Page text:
From Athens: Full-Day Meteora Trip by Train
- Small group
- Duration: 1 day
From US$ 115.27
One of the most important locations of ancient Greece, history lovers cannot miss a trip to Delphi. On the slopes of Mount Parnassus, this UNESCO World Heritage Site offers a plethora of points of interest to explore. Likely Delphi’s best-known attraction, the 4th-century Temple of Apollo was once the seat of the legendary Oracle of Delphi, and the main source of the town’s wealth and influence. Other fascinating parts of the sanctuary include the theater, the Athenian Treasury, and the elegant columns of the Tholos. Make sure to check out the Archaeological Museum of Delphi to see the treasures unearthed here.
Plan ahead as there are no trains covering the 162 kilometers (100 miles) from Athens to Delphi. The many available buses can get you there in around three hours. Driving yourself will generally take about two and a half hours, depending on traffic.
Mycenae was a powerful civilization during the Bronze Age, and today is one of the most popular day trips from Athens. Legend has it that Perseus, son of Zeus, was the original founder of this ancient citadel. Travelers can tour this former stronghold and its structures like the Lion Gate, the palace ruins, and the Treasury of Atreus — believed to be the tomb of Agamemnon. Also, be sure to visit the incredible collection of tombs and grave circles.
Without train service to Mycenae, traveling the 120 kilometers (74 miles) has to be by road. In a private car, the journey is about two hours, while by bus takes only a bit longer than that.
One of the many cities with an ancient history, Mycenae is worth the short trip from Athens. The small Corinth Canal separates mainland Greece from the Peloponnese Peninsula and is a favorite stop for adrenaline junkies looking for bungee jumping opportunities. As the home to a number of different rulers and cultures through the years, the archaeological site of Ancient Corinth is a huge draw to the area. See landmarks like the Pirene fountain, legendary watering hole of the mythical Pegasus, the imposing Acrocorinth, and the Temple of Apollo.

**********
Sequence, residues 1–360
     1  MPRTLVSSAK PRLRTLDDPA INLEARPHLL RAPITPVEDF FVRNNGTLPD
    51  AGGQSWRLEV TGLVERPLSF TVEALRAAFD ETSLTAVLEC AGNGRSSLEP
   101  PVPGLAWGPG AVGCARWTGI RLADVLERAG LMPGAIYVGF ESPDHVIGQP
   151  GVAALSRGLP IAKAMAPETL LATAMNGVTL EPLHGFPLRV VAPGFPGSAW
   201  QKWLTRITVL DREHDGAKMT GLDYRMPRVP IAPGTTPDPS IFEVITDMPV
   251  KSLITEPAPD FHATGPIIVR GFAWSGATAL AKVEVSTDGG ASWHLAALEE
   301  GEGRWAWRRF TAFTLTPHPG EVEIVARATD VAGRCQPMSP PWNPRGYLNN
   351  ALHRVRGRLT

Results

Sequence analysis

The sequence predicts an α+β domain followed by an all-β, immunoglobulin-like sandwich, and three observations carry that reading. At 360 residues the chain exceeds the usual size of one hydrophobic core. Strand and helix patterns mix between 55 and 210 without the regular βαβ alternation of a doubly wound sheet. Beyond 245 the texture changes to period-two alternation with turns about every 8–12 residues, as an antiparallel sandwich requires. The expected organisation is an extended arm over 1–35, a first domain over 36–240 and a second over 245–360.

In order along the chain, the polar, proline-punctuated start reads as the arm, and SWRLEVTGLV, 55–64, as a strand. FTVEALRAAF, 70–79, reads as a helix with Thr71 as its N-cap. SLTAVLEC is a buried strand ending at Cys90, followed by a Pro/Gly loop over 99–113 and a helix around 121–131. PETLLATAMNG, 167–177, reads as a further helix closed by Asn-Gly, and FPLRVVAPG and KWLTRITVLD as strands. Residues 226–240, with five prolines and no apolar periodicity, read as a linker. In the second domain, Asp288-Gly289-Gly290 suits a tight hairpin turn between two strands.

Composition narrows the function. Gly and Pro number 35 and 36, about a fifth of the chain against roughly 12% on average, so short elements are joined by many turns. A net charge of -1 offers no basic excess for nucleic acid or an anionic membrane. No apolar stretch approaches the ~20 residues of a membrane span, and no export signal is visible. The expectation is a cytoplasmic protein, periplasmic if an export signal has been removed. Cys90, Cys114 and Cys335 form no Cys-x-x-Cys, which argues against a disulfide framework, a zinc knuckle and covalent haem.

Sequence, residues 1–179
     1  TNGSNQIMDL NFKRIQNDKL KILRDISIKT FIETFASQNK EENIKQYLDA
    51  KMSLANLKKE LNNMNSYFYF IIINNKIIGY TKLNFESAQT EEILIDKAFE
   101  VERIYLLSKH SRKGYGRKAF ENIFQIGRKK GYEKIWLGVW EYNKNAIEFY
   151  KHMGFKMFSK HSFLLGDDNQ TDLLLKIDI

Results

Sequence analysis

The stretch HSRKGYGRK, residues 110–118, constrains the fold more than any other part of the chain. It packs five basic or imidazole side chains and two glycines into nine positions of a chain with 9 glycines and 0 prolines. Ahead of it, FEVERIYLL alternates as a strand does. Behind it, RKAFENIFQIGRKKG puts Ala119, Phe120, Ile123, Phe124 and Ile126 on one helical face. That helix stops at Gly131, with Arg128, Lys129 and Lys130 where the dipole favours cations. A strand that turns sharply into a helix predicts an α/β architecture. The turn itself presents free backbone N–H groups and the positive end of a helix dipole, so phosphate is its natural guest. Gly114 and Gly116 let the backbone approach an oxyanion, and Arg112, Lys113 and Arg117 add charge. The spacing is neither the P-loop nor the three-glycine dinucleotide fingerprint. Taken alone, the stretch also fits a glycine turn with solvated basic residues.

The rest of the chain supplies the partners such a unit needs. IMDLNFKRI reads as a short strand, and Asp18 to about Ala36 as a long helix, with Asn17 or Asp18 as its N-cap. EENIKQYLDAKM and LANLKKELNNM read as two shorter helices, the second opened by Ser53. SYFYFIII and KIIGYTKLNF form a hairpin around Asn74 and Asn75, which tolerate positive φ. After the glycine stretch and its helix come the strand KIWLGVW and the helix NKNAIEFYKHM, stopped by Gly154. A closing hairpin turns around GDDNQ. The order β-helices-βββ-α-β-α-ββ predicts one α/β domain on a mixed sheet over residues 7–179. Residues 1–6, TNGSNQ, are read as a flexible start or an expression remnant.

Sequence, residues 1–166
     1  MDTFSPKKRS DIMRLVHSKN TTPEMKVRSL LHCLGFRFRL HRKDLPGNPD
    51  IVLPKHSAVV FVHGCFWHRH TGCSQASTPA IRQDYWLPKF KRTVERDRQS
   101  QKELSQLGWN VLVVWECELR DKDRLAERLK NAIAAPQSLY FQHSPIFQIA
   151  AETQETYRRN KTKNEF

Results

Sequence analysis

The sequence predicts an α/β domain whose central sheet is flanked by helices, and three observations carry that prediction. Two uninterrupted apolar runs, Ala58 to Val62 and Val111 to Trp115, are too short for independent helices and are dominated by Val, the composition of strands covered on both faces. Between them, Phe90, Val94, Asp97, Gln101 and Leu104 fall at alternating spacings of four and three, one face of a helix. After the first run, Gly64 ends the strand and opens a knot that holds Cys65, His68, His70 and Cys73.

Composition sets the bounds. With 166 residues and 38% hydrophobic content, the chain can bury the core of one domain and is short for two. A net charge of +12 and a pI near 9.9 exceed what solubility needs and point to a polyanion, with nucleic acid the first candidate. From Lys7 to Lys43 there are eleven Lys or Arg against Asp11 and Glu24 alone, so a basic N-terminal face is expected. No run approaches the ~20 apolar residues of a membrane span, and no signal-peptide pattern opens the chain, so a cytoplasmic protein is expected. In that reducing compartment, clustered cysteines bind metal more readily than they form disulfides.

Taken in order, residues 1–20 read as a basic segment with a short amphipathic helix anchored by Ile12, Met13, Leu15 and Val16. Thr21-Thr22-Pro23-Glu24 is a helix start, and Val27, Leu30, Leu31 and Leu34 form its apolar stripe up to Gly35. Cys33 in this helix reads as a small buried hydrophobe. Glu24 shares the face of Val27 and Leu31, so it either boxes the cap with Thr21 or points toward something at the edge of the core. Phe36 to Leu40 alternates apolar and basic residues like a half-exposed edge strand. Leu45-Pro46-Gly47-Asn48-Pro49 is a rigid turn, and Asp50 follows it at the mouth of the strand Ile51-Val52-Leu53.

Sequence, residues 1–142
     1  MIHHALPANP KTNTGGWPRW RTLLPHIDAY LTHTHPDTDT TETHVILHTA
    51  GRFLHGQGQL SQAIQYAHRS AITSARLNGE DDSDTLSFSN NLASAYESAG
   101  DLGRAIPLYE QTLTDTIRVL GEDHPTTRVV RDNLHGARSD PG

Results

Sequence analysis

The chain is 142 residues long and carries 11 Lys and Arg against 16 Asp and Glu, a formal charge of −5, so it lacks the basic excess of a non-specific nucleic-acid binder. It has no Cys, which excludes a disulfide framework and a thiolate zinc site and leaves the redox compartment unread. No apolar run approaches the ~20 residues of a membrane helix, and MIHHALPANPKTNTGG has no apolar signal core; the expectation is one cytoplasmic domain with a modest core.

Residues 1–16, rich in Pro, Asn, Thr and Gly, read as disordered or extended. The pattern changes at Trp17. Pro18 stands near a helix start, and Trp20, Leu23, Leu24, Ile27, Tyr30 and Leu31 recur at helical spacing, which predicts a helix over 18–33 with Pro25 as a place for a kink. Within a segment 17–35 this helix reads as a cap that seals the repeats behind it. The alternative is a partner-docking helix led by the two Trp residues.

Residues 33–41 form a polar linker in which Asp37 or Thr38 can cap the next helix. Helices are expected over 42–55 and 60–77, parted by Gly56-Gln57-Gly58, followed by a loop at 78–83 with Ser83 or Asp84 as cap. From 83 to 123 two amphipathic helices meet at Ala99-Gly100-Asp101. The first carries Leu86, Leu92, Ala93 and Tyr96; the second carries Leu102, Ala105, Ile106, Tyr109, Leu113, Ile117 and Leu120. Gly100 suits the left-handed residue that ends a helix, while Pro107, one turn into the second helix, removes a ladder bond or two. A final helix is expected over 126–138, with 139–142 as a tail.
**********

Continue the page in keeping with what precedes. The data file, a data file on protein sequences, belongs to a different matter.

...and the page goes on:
Located across the Isthmus of Corinth, the city is just 83 kilometers (51 miles) from Athens. The drive takes around an hour by car and 90 minutes by bus.
Head out of the big city to the intriguing UNESCO World Heritage Site of Epidaurus. As the home of the sanctuary of the healing god Asclepius, Epidaurus was once a major healing center in Greece. Visitors today can still see the ancient sanctuary, as well as the incredible Theatre of Epidaurus, which is still in use today. The Archaeological Museum of Epidaurus dates back to 1909 and is another worthy stop to examine the artifacts excavated from the area.
Head 126 kilometers (78 miles) around the Saronic Gulf from Athens to get to Epidaurus. By car, the travel time is around 90 minutes, while buses take around two hours.
For people looking to escape the bustle of Athens for a day, charming Nafplio is a breath of fresh air. From the Acronauplia (the oldest part of the city) atop the hill, the picturesque seaside town spills down into the blue waters below. Stroll the inviting streets in between visiting places like the Venetian fortress of Palamidi, Bourtzi Castle sitting atop an island in the harbor, or the ancient fort of Tiryns. For some relaxation, soak up the sun on Arvanitia Beach.
It will take a little over 90 minutes to drive the 136 kilometers (84 miles) from Athens. Allow more time if taking the bus, as the trip takes around two and a half hours.
Greece’s train service is not extensive, and in some areas non-existent. For many day trips, the train is not a viable option. If you do venture somewhere by train, remember you need to have a reservation to board.
Without a car, the bus is your only choice for many day trip destinations. Buses to more popular areas and attractions are frequent, and drive times aren’t much longer than by car.
A car is often the best choice for making day trips around Athens. You can set your own itinerary and go at your own pace.
With so much to learn and see all over Greece, a guided tour is a fantastic idea. With a guide, you don’t miss out on any of the fascinating histories of the ancient cities and towns. A tour also can help you avoid the need to figure out the bus or navigating the roads yourself.
The Mediterranean climate means it will never get too chilly, but an extra layer in winter months is still a good idea. While many guided tours will provide everything you need, carrying plenty of water is always advisable.
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Guide was fantastic. If you’re going to go all the way from Athens to Delphi on a bus, pay a little extra and have a great guide tell you history and myth the whole way, and then talk you through the site while you’re there. This is that great guide - she was awesome.
It was so great! Such a fascinating history, and Bill was a fantastic guide who is a fountain of knowledge. You could feel his passion for the place and for Archeology in general. Everywhere we went had such incredible history.
This tour was awesome! The guide were great and it was well worth the 4hr train ride. Simply amazing to see how the monks lives.
amazing people. amazing food. complete relaxation. would recommend! a little flirty "captain" , but harmless
Good drinks, good staff, good saxophonist, beautiful views, great islands traveling too. Can’t go wrong